- Rep. Tim Murphy: GOP knew HealthCare.gov would be an ‘unmitigated disaster’
- Political speak: Planned Parenthood dumps ‘pro-choice’ for ‘women’s health’
- U.S. attorney warns Cuomo not to interfere with anti-corruption probes
- Investigators reach Ukraine jet crash site
- Ohio gives Obama a thumbs down; Hillary Clinton tops GOP all-stars: poll
- Jesse Ventura suggests suit not over; HarperCollins could be next
- ‘No American is proud’ of certain CIA tactics: State Department
- Drug-filled drone crash outside S.C. prison sends police on alert
- GOP to Obama: Take your ‘golf cap off’ and get down to coal country
- Hamas cleric tells Jews: ‘We will exterminate you’
By Ted Cruz
Israel saves its enemies; Hamas endangers its friends
Topic - Winslow Homer
Winslow Homers in the shadow of a defunct Beech-Nut baby food plant. A Rembrandt, Picasso, Rubens and Renoir up the hill from a paper mill. The founder of the Hudson River School vying for attention amid baseball memorabilia and old farm machinery.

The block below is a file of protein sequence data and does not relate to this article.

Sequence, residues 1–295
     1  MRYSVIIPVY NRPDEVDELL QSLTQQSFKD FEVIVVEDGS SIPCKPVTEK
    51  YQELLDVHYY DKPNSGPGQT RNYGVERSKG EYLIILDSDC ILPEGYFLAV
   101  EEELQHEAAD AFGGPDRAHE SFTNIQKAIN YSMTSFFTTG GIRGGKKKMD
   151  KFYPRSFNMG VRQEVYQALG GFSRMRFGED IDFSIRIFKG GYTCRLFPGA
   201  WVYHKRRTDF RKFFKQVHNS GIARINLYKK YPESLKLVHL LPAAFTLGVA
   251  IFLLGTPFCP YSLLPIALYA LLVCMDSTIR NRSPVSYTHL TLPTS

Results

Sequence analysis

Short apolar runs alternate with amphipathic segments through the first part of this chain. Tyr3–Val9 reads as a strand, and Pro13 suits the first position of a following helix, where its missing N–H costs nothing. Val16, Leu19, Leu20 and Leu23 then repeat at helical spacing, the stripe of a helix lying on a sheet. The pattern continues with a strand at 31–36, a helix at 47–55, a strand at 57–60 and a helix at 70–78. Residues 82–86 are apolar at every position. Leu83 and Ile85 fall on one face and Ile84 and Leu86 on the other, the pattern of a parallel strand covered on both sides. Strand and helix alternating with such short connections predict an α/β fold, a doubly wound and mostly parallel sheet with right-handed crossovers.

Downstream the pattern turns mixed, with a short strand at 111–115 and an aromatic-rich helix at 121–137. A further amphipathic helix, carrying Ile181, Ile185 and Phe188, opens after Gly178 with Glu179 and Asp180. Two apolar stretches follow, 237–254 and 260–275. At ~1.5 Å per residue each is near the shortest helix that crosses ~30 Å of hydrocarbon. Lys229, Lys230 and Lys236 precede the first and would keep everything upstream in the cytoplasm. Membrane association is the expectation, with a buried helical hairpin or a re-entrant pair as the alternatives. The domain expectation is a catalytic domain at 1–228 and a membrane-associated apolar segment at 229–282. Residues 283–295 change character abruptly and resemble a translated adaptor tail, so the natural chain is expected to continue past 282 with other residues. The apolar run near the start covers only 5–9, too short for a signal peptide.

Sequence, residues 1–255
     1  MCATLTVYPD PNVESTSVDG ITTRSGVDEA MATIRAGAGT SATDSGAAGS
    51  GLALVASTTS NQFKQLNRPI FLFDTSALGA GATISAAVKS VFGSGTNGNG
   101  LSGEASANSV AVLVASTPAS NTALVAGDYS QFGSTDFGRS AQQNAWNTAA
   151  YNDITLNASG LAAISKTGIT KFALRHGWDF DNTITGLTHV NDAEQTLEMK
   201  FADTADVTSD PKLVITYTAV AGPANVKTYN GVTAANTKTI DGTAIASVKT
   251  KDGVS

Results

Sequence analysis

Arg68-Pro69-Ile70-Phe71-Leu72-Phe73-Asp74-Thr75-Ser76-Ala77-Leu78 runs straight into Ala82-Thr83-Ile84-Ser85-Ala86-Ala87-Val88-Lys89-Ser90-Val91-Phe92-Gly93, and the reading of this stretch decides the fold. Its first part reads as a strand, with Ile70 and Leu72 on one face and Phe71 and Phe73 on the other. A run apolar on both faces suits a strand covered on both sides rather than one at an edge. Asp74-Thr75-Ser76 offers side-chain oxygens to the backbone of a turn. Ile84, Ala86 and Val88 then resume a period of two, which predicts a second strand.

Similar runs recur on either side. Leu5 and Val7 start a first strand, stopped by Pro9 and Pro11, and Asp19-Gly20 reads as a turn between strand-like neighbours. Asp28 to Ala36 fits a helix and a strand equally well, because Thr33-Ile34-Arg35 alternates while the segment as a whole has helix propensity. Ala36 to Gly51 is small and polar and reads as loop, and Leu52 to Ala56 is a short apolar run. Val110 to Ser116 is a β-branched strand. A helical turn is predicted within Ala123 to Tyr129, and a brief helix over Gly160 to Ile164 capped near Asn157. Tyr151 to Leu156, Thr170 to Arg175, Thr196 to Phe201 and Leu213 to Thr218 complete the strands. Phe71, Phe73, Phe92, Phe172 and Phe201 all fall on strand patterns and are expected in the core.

One of the Delaware Art Museum's most treasured works has been taken off the museum's collections database as the museum prepares to sell artworks to repay debt and replenish its endowment.
A camera that once belonged to artist Winslow Homer has been donated to Bowdoin College's museum.
The Smithsonian American Art Museum's new exhibition, "The Civil War and American Art," which opens today, has two stars. One is the enslaved black American; the other is Winslow Homer.
The studio where painter Winslow Homer derived inspiration on Maine's craggy coast and produced some of his most notable seascapes isn't heated by wood or illuminated by oil lamps the way it was in Homer's day.
"You can make your own speculations," he said.
The Homer studio, located on the Prouts Neck peninsula 12 miles south of Portland, is significant because it's where Homer's artwork matured and where he created some of his masterpieces, he said.